So you may have heard about 3D printing and would like to know more about it. This page will give you an overview of the technique with some links to more detailed information.
Using a 3D printer you can build three-dimensional object from a computer model. You can design a model, or download it, and create a physical object from it. Unlike what you may think, the technique isn’t new, it has been developed I the eighties. What is new is that using open-source platforms like Arduino, the technique has become increasingly affordable and is available to consumers.
There are actually multiple techniques to ‘print’ a 3D model, which are outlined below, but all of them are considered additive manufacturing, creating something by adding something, as opposed to subtractive manufacturing where materials is removed, i.e. milling.
The basic workflow for 3D printing is a s follows. You need to have a 3D model first. This can be designed using CAD software like Blender, Solidworks, AutoCAD, OpenSCAD or any software that can export a 3D model in STL. Or you can download a model from the internet, sites like Thingiverse offer a large assortment of models for free. Next step is that the model needs to be prepared for printing, a process called slicing as in making slices (layers) from the model. Depending on the technique there are different solutions for this, but the output is a printable file, containing instructions for the 3D printer to execute. By sending the file to the printer, the 3D printer will make an object from it.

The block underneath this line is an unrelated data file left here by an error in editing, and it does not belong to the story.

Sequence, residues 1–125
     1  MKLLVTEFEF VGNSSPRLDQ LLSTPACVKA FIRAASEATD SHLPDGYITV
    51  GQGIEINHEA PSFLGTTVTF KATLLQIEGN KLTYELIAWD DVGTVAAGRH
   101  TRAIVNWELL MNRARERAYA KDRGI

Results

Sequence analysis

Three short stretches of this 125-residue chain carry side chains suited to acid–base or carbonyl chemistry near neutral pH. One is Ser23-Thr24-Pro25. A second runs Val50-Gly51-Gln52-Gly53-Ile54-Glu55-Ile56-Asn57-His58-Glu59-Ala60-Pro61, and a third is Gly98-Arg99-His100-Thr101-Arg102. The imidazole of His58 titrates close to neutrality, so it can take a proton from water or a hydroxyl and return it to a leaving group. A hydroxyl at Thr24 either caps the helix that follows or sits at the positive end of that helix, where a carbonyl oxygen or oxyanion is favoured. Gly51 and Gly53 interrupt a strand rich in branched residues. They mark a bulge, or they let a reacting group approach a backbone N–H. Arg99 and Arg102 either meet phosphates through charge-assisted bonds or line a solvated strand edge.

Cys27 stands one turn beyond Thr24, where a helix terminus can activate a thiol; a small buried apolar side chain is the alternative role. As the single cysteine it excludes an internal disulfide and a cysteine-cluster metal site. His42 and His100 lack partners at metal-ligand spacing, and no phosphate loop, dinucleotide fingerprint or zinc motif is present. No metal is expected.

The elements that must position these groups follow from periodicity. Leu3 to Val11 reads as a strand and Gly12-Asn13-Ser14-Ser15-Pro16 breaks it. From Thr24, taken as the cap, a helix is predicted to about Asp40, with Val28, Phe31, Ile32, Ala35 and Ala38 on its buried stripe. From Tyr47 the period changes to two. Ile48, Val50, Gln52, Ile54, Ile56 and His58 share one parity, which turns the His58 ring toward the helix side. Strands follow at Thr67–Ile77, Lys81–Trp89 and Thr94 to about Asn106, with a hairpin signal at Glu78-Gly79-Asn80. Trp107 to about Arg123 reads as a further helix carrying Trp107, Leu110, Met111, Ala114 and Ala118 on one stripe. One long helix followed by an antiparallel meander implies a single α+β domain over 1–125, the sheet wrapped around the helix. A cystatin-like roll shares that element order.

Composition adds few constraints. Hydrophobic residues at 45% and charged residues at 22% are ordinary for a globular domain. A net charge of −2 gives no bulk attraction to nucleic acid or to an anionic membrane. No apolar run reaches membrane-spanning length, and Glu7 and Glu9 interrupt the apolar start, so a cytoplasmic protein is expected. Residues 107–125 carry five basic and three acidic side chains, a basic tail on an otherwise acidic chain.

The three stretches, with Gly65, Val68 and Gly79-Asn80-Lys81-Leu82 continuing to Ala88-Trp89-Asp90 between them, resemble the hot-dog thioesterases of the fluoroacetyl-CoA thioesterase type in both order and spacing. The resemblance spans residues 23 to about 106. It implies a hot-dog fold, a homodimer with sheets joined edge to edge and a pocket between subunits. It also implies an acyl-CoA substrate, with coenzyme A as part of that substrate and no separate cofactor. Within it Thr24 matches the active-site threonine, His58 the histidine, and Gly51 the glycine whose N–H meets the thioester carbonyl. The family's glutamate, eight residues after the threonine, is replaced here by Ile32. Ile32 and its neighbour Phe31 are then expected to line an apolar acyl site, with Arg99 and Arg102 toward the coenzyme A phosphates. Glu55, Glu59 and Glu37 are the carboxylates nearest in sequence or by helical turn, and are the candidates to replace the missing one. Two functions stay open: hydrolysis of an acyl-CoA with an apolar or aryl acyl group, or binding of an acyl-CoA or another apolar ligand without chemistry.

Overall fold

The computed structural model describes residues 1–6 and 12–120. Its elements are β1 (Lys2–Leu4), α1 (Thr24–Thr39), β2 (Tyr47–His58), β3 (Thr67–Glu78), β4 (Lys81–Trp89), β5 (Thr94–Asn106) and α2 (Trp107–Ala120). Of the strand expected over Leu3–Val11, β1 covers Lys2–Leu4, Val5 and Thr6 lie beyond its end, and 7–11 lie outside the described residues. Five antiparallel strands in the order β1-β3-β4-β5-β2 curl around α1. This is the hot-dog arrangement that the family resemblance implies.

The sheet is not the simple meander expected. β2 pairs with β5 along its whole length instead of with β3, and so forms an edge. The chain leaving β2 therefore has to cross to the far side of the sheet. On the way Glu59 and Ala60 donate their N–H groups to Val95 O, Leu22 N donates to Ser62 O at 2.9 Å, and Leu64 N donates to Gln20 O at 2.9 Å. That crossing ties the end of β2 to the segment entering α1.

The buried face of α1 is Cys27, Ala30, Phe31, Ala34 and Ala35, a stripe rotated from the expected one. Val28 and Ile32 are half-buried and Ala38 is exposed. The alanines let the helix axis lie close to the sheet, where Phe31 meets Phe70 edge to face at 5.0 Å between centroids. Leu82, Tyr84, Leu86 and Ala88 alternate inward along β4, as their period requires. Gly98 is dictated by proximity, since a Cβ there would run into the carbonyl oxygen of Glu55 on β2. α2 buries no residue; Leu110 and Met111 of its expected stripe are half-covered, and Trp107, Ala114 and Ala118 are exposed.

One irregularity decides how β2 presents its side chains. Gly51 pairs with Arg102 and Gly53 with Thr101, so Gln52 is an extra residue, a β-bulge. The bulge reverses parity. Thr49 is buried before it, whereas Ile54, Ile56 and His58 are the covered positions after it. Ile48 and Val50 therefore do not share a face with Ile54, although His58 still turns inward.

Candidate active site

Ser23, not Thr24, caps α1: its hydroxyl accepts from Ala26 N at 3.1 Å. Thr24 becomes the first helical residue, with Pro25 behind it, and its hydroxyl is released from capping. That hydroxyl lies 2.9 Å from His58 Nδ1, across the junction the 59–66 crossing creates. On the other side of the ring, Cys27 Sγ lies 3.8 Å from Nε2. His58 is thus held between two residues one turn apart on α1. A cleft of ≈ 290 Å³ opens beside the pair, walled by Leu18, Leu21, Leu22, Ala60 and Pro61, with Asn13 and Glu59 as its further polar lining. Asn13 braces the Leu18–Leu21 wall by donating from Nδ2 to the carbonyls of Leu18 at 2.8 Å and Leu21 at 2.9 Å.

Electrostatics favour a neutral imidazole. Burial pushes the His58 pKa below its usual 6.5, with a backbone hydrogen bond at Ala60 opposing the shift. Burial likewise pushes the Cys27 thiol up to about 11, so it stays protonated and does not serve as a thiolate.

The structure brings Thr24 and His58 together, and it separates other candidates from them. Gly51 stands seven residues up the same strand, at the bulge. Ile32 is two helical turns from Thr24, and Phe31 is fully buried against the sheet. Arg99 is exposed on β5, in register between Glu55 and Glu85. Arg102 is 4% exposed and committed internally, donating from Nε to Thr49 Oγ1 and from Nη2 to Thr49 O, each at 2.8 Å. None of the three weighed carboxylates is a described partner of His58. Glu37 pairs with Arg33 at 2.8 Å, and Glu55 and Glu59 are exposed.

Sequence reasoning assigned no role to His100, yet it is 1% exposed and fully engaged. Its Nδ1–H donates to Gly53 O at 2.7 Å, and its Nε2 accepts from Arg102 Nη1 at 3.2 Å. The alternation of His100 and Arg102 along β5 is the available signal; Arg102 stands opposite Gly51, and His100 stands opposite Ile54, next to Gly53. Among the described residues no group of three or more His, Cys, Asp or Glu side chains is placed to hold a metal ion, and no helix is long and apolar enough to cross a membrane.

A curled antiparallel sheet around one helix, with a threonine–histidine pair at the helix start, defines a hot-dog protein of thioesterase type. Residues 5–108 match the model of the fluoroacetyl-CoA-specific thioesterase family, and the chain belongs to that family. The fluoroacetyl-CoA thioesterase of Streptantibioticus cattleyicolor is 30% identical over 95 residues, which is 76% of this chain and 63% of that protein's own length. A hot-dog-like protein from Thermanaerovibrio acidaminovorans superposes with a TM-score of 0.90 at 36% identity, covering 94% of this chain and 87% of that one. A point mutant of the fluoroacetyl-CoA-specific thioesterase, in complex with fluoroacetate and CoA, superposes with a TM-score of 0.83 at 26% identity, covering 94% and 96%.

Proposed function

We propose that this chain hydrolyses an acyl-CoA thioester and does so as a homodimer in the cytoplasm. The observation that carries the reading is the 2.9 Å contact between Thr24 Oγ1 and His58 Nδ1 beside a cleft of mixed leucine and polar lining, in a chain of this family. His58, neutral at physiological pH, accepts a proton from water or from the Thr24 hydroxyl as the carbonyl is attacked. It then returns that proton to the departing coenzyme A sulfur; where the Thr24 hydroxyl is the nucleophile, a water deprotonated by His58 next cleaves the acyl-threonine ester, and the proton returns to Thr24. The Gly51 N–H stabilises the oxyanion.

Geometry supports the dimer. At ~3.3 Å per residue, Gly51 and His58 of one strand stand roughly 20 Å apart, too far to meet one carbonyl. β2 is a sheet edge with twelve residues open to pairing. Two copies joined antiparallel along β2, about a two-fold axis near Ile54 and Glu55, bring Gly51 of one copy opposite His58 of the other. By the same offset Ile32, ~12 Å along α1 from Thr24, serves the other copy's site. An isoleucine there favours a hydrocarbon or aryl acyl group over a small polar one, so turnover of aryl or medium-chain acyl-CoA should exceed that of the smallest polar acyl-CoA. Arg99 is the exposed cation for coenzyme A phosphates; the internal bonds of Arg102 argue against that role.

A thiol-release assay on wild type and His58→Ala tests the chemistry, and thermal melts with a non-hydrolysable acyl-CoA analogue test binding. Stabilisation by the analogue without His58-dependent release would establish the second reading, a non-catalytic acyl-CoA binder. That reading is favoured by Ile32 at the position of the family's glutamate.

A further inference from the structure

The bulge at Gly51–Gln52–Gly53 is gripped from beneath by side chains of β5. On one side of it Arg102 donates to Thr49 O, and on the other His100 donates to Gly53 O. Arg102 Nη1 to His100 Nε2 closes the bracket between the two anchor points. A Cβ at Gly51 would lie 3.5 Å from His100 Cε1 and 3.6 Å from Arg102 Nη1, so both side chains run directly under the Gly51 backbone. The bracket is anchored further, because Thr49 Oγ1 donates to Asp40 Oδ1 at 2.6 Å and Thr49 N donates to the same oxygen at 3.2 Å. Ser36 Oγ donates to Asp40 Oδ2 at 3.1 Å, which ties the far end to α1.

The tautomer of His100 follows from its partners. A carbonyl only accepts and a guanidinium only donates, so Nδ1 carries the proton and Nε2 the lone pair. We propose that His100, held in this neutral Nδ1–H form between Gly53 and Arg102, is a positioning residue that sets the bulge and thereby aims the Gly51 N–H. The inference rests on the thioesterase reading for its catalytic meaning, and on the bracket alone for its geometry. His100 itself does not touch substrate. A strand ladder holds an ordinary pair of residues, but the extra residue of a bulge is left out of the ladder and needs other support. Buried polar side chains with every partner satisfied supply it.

At this time 3D printers for the consumer market have been steadily improved over time, to a level where a non-technical person can be taught how to operate the machine. In terms of quality and reliability you can expect the printer to be able to do 3D printing for many hours without a problem when doing simple prints. Using more advanced materials will make a failure more likely and there should be considered a learning curve involved using those. Also the type of model may make it more difficult to print. A cube for example is simple enough, but a larger object with many steep sides (‘overhang’) or tiny parts may involve tweaking slicing settings and may take a few attempts to get right.
There are actually a lot, but for consumers there are two technologies available.
Printing using filament
This is for consumers the most common technique, called FDM (fused deposition modeling) or sometimes FFF (Field flow fractionation). It works by heating a wire of platic, called filament, to it’s melting point and then depositing it on a location of a surface. By doing this in layers, you get a 3D object.
Printing using (UV) light
This technique uses a UV light to harden a resin, called Stereolithography (SLA). This can be done using a laser, projector or LCD as light source.